About VLAN

MatroMatro Member Posts: 38 ■■□□□□□□□□
I've a question about VLANs....

When hosts transmit frames inside the vlan, are these tagged (by 802.1q protocol) or not?

I think that tag are only used in trunks, for recognize the different destination VLAN; frames are untagged when flows on the access port of the vlan.
If this vere true (frames inside a VLAN are untagged), connecting two VLAN together with a crossover cable (on access ports, not by a trunk) should connect two different hosts and be able to ping each other, if they are in the same subnet.

HOST A (192.168.1.1/24, VLAN 1) -->cross cable--> HOST B (192.168.1.2/24, VLAN 2)

I did this test, but it doesn't work.


What's wrong?

Thanks guys ;)
Actually: CCNA - Palo Alto ACE

Comments

  • MatroMatro Member Posts: 38 ■■□□□□□□□□
    https://learningnetwork.cisco.com/thread/21665

    As I thought, in this thread they confirm that on a trunk port frames are tagged, otherwise on access port are untagged.. Why my test did not work? icon_sad.gif
    Actually: CCNA - Palo Alto ACE
  • xnxxnx Do they matter? UKMember Posts: 464 ■■■□□□□□□□
    Get Wireshark and check out the frames...?
    Getting There ...

    Lab Equipment: Using Cisco CSRs and 4 Switches currently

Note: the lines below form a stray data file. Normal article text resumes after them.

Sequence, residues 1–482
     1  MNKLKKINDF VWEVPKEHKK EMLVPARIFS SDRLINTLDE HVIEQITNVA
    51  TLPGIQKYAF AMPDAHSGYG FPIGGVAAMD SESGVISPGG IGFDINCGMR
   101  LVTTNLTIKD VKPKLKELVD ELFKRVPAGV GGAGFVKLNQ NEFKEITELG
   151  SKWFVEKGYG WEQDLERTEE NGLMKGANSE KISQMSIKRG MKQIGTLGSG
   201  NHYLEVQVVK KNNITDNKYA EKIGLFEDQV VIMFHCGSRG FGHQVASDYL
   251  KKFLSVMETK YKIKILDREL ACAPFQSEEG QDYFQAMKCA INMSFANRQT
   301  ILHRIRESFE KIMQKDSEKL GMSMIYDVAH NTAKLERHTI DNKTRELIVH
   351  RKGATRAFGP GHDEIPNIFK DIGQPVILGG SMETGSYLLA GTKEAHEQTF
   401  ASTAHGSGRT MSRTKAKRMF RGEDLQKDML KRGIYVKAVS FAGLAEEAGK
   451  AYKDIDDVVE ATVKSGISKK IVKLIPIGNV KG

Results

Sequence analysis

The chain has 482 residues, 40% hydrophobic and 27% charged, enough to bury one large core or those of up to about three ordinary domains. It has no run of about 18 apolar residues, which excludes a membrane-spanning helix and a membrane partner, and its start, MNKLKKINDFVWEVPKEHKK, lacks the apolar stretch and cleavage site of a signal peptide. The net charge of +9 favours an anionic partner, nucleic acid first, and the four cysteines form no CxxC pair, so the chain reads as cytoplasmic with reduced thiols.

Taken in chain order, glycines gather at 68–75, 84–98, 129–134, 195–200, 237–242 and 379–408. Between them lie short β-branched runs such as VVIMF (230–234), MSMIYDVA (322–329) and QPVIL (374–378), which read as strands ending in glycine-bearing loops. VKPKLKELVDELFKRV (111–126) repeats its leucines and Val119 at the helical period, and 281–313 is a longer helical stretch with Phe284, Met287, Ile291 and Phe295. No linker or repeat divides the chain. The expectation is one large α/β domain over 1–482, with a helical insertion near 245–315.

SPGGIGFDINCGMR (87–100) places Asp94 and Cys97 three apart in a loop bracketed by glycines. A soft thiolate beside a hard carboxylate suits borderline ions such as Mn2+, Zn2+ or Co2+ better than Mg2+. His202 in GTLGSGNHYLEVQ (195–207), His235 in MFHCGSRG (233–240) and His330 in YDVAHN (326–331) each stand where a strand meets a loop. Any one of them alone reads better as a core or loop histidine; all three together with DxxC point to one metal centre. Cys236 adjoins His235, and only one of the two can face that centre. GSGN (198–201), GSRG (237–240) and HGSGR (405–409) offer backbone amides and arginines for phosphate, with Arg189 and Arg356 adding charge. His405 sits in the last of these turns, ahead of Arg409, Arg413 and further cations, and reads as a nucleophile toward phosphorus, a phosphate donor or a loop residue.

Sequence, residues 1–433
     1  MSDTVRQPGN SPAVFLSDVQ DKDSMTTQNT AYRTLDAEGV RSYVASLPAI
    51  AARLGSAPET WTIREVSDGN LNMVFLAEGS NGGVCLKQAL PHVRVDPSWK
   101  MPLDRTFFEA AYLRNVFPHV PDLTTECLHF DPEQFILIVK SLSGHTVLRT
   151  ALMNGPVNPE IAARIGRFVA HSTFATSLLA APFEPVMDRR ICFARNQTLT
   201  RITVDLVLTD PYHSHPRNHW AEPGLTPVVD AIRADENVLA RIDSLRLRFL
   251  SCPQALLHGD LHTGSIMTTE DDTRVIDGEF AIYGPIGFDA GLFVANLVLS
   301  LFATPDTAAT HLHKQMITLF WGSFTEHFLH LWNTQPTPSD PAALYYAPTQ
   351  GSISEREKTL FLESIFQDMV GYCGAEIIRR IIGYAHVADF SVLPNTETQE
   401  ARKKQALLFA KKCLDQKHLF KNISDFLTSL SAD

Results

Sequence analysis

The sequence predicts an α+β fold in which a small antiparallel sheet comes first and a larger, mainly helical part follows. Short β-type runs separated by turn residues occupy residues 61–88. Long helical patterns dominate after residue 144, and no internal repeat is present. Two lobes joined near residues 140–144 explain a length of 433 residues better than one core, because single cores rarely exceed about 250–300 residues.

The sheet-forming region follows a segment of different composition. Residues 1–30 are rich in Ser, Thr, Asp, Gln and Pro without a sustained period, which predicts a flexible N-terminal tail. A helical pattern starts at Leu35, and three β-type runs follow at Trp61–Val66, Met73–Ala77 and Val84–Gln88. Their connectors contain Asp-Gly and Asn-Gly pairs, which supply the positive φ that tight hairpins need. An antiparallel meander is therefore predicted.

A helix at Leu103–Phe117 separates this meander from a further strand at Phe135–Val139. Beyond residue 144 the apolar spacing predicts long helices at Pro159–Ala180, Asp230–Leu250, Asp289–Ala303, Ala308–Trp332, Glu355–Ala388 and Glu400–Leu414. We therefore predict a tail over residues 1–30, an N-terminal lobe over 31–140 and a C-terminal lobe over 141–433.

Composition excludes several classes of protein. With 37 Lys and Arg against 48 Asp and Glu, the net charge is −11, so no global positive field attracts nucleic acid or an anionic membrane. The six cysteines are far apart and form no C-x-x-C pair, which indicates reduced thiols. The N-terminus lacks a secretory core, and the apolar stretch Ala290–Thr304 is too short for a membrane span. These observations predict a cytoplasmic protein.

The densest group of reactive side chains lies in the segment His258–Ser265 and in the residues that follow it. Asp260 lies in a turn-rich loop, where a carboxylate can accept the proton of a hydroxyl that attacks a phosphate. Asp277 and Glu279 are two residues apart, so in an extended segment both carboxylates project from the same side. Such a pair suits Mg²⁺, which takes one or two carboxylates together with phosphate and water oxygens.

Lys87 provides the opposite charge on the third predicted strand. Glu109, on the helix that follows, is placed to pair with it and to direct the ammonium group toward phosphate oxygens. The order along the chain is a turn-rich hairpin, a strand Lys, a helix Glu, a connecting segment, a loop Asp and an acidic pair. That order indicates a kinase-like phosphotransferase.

• Adam BAdam B Member Posts: 108 ■■□□□□□□□□
    Regardless of the fact that they're in the same subnet, theyre in a different vlan, which means trunking is necessary. Also, do you have a router connected? You will need one unless youre doing layer 3 switching, in which case, the pings will not work. Correct me if I'm wrong and if you have any questions just reply. I'm currently studying for my CCENT still so any question I can answer to the best of my knowledge will hopefully reinforce it. "Routers in VLAN topologies provide broadcast filtering, security, address summarization, and traffic flow management. None of the switches within the defined group will bridge any frames, not even broadcast frames, between two VLANs. Several key issues described in the following sections need to be considered when designing and building switched LAN internetworks: "<--- Reason why Routers are needed in VLAN topologies, if you are using Layer 2 Switches.
    2015 Goals: CCNP SWITCH [] SEC+ [ ] CCNP ROUTE [ ] CCNP TSHOOT [ ]

  • RouteMyPacketRouteMyPacket Member Posts: 1,104
    You have made it more complicated than it is, why use 192.168.1.1/24 for VLAN 1 and 192.168.1.2/24 for VLAN 2? These IP's belong to the same network so why would you ever use another VLAN? You wouldn't...ok so do this

    VLAN 1 - 192.168.1.0/24
    VLAN 2 - 192.168.2.0/24

    Ok, now how can a client on VLAN 1 communicate with a client on VLAN 2? What is needed to allow this communication to take place? You could make it even easier and use one L3 switch for this test but again, what do we need for this to take place?
    Modularity and Design Simplicity:

    Think of the 2:00 a.m. test—if you were awakened in the
    middle of the night because of a network problem and had to figure out the